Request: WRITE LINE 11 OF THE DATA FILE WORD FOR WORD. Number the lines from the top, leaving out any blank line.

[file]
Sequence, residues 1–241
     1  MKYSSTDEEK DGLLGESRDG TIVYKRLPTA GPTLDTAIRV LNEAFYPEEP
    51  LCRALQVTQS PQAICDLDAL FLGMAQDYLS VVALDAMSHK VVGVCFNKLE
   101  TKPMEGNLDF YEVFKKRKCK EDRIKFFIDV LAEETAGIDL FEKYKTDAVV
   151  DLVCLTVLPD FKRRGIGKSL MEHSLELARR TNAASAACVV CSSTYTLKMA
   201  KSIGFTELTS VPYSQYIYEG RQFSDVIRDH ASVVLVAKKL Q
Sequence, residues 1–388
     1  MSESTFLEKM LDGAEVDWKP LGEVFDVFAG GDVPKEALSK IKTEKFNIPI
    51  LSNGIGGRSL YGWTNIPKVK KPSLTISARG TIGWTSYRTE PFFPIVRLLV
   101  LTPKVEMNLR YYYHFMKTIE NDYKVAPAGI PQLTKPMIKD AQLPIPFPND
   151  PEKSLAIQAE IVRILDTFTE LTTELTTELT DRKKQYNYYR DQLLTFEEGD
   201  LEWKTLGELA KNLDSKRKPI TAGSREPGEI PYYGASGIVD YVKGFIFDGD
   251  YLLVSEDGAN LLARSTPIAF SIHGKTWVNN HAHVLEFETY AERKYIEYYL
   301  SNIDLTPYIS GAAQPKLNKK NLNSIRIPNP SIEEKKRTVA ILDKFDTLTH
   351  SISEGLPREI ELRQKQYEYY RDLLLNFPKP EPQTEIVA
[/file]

   151  PEKSLAIQAE IVRILDTFTE LTTELTTELT DRKKQYNYYR DQLLTFEEGD